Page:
Chris Gerard: This fantastic cover of the gospel/blues standard by Fred McDowell first appeared in 2011 on the Mojo Magazine curated Sticky Soul Fingers, an R&B tribute to the Rolling Stones’ Sticky Fingers album. The recording is getting another lease on life as part of the upcoming Daptone Gold II compilation, and it’s great that more people will have the opportunity to hear it. Naomi Shelton is a national treasure that too few people know about. Her deeply soulful voice captures the essence of the song, and the funky retro accompaniment is tight and groovin’. Daptone Records usually delivers the goods, and this is no exception. [9/10]
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Nathan Stevens: The pairing of Jamie xx and Talabot is an odd one, with xx obsessed with the more ethereal while Talabot completely works in the tactile. The combination works here though, thanks to Tabalot’s mutation of the original DNA. Now clocking in at over seven minutes, “Loud Places” turns into a marvelous slow burn that never bursts, but keeps smoldering over clanking percussion and slowly floating synths. It’s hard to compare it to the album version, as the brother tracks are completely different beats. [7/10]
John Bergstrom: It’s characteristically pretty and heavy on atmosphere, with some nice dynamics too. But it doesn’t hold together as well as some of their previous efforts. The chorus, in particular, sounds clunky and plodding. Enough to whet the appetite for their upcoming third album, at least. [6/10]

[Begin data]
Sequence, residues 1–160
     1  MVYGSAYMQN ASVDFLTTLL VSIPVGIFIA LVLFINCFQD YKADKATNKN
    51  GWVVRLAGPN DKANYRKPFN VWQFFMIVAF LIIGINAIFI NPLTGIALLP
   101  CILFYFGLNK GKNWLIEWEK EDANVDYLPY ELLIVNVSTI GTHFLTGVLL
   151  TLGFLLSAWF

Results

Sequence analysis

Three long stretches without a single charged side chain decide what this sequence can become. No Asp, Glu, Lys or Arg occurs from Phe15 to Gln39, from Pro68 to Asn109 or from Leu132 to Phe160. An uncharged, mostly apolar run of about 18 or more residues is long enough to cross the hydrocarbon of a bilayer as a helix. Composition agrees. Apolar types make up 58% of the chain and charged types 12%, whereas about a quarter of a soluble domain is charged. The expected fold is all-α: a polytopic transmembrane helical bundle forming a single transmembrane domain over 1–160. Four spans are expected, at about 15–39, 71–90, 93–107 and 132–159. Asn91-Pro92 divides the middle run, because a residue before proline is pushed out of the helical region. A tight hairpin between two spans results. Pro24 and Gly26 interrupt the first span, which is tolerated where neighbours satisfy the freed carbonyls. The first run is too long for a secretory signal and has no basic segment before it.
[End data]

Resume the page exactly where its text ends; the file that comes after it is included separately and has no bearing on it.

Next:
Matt James: In an age where pop appears to be, depressingly, enjoying rifling through the “Dumb & Dumber Idiot Box” we must cherish musicians like Julia Holter. She’s smart and strange. Listening to Ekstasis or Loud City Song makes you wanna go drown yourself in, well, “Art” even if you haven’t a clue what the hell it’s all about. The plink-plonk stomp of “Sea Calls Me Home” sounds like Holter trying to bottle the spirit of the Beach Boys’ “God Only Knows” whilst tickling the hallucinatory haze of a week’s insomnia. At one point you can possibly hear pink, tutu-wearing, cartoon elephants polishing their saxophones in the apartment above. There’s also an ace nonchalant whistly bit for all fans of “Ace Nonchalant Whistly Bits”. At a trim three minutes it’s a little slim perhaps and not as swoonsome a serenade as recent canine cuddler “Feel You” but with Holter’s exemplary track record it still feels safe to follow her into the dreamy depths. [7/10]
Five years after the astounding album Penelope, the latest song cycle by composer Sarah Kirkland Snider takes its inspiration from the work of writer and artist Nathaniel Bellows, depicting a childhood upbringing in Massachusetts that veers between the beautiful, haunting, and surreal, where discoveries abound. Because that’s, in reality, what it’s actually like when you’re a kid.